Mary Altaffer, file, Associated Press
NEW YORK — The 110-building Manhattan complex that has long been an American icon of affordable middle-class housing faces a new era: Tenants of Stuyvesant Town-Peter Cooper Village are aiming to buy their apartments.
At a news conference Wednesday, officials representing 25,000 residents announced they will partner with Brookfield Asset Management Inc. to bid for the private community on Manhattan's East Side first built for World War II veterans.
Manhattan Borough President Scott Stringer said the deal represents the survival of affordability that would keep his New York borough from becoming a community "for the very, very rich, and an enclave for the poor — with nothing in-between."
As real estate prices skyrocketed in recent years, tenants of Manhattan's biggest apartment complex battled powerful developers — and a mercurial market — to try to claim ownership of the bustling urban oasis that was once home to notable New Yorkers from David Axelrod, advisor to President Barack Obama, to the late Pulitzer Prize-winning author Frank McCourt.
If successful, the condominium conversion plan would allow tenants to purchase their apartments "at a reasonable price," Alvin Doyle, president of the Stuyvesant Town-Peter Cooper Village Tenants Association, said in a letter posted on the group's website.
Rent-stabilized residents who wished to keep renting could do so, under no pressure to move.
Constructed after World War II for returning veterans and championed by the then powerful Parks Commissioner Robert Moses, the red-brick complex is a paean to urbanism: 11,000 apartments on 80 acres that cover 10 Manhattan city blocks.
The gated community stretches from 14th to 23rd streets between First Avenue and Avenue C, sprinkled with parkland, landscaped walkways and water fountains. Its residents represent a varied demographic spectrum including longtime older residents and others moving in now.
Dubbed Stuy Town, it was named after Peter Stuyvesant, the last director-general of the Dutch colony of New Amsterdam, whose 17th century farm occupied the site. Peter Cooper Village is named after the 19th century industrialist, inventor and philanthropist Peter Cooper.
A condo conversion would come after years of financial wrangling that included near-bankruptcy.
The 80-acre property has been controlled by CWCapital Asset Management LLC since last year. The company represents bondholders on a $3 billion mortgage after Tishman Speyer Properties LP and BlackRock Inc. defaulted on the loan as the property's value sank and a plan to raise rents fell through.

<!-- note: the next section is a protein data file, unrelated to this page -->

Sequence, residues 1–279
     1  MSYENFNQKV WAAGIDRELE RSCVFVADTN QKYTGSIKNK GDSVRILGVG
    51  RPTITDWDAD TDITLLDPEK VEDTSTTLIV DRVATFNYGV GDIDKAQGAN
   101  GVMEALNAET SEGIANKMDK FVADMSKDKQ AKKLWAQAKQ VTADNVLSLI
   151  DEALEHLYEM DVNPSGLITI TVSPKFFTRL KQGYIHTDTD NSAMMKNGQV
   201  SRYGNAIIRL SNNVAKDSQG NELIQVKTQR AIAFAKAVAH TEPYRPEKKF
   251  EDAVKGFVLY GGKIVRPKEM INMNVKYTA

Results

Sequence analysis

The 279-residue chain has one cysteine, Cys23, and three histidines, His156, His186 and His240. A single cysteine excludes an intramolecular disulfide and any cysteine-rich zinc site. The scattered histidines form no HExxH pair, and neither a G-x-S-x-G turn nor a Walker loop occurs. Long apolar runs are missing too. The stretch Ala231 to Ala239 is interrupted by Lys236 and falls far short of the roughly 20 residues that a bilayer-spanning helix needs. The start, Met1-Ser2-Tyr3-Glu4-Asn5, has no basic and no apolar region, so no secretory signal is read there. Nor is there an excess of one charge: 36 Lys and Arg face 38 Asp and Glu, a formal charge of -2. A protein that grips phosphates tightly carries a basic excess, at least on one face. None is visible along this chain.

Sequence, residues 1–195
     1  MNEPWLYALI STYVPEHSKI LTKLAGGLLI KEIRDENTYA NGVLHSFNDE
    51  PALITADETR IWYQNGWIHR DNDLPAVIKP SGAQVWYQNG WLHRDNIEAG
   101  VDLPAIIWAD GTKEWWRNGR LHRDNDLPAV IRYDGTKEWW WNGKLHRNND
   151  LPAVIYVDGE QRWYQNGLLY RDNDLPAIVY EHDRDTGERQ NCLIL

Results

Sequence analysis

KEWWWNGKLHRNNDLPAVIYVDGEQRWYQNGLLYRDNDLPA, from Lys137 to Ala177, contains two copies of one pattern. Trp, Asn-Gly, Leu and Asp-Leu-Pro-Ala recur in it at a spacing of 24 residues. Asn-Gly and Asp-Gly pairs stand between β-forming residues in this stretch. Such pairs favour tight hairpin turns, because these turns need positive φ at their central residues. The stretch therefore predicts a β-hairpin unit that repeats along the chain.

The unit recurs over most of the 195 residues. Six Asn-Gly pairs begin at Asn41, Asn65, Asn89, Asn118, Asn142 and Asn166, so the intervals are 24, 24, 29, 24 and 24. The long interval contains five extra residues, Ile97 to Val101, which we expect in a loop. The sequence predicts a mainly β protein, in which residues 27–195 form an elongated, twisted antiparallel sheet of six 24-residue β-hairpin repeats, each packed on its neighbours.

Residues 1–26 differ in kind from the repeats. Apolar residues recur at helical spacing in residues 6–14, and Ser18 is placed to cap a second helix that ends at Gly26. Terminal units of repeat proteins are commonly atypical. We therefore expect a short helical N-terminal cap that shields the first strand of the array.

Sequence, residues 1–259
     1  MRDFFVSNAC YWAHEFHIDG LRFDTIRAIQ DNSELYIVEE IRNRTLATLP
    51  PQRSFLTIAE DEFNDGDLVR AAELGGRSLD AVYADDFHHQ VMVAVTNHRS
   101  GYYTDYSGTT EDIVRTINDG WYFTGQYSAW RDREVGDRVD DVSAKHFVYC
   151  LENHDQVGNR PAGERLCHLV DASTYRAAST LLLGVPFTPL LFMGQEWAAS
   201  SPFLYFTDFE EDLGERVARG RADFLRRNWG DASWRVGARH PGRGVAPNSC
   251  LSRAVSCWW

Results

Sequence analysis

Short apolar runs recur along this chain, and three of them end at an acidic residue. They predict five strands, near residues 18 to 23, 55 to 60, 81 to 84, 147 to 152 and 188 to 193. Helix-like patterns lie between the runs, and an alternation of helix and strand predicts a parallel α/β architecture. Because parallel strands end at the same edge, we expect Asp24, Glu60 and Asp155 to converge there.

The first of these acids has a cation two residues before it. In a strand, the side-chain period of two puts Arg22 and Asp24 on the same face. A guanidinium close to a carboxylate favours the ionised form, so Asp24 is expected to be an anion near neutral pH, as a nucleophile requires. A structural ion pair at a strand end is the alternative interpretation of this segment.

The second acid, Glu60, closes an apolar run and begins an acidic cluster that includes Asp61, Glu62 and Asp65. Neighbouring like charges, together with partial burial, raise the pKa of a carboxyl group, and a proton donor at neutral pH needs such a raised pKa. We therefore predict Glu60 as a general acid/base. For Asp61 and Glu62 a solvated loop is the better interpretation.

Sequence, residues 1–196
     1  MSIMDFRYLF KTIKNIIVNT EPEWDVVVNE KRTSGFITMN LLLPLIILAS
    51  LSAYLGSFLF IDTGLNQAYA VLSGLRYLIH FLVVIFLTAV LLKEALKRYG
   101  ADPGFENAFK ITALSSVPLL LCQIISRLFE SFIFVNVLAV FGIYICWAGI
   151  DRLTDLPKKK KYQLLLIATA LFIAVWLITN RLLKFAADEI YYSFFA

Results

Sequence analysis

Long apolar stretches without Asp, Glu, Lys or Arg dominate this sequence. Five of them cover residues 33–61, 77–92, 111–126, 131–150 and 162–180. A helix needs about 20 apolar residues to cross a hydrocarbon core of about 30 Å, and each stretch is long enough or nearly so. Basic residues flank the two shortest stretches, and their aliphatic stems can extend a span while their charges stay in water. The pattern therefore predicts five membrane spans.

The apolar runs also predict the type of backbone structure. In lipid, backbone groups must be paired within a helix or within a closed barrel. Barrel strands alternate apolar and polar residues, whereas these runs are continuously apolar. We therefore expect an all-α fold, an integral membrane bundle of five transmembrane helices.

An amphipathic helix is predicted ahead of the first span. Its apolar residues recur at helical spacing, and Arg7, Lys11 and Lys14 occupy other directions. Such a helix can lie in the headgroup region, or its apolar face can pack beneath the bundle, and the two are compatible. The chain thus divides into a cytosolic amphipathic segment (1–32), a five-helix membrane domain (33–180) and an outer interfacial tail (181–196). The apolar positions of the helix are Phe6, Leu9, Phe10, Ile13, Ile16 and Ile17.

Tishman Speyer and BlackRock paid a hefty $5.4 billion for the development in 2006, before the mortgage crash, with plans to convert rent-regulated units to market rates.
Investors who lost money include the Church of England and the California Public Employees' Retirement System.
The tenants association said Wednesday that at the time, the complex faced "aggressive and often frivolous litigation aimed at evicting long-time rent-stabilized tenants" — a failed campaign the association said would not be repeated under the proposed deal.
Brookfield, a Toronto-based investment firm, manages about $150 billion globally.
"With Brookfield on our team, CWCapital, the entity representing the senior bondholders of the property, will find it extremely difficult to ignore us," said Doyle, president of the tenants association.
Brookfiled Asset is the parent company of Brookfield Office Properties, best known recently as owner of Manhattan's Zuccotti Park — home of the Occupy Wall Street movement until the police crackdown in mid-November.
The deal is far from complete, and could be a lengthy process.
For starters, the bid size will depend on how many tenants want to buy their apartments and how much they're willing to pay. In January 2010, Standard & Poor estimated the value of the complex at $1.8 billion.
In addition, lawyers are trying to determine how much money some renters are owed as a result of a 2009 State Court of Appeals ruling that property owners had violated the law by deregulating units while receiving tax breaks. However, due to vacancy and high-income decontrol, thousands of units are now legitimately renting at market rate.
Stringer said there would be about 100 public hearings on the proposed bid to CWCapital that will also determine future rents.
Also joining Wednesday's news conference were New York City Council Speaker Christine Quinn, state Sen. Tom Duane and New York City Councilman Dan Garodnick, a resident of Peter Cooper Village who has been instrumental in the proposed deal.
Quinn said the city is likely to contribute to a capital fund to help create some permanently affordable rental units.
"Stuy Town and Peter Cooper are among the last bastions of middle class affordability in our city, and tenant ownership will make sure they stay that say," she said.
Not present but lending their support were both U.S. senators from New York — Charles Schumer and Kirsten Gillibrand, as well as U.S. Rep. Carolyn Maloney.
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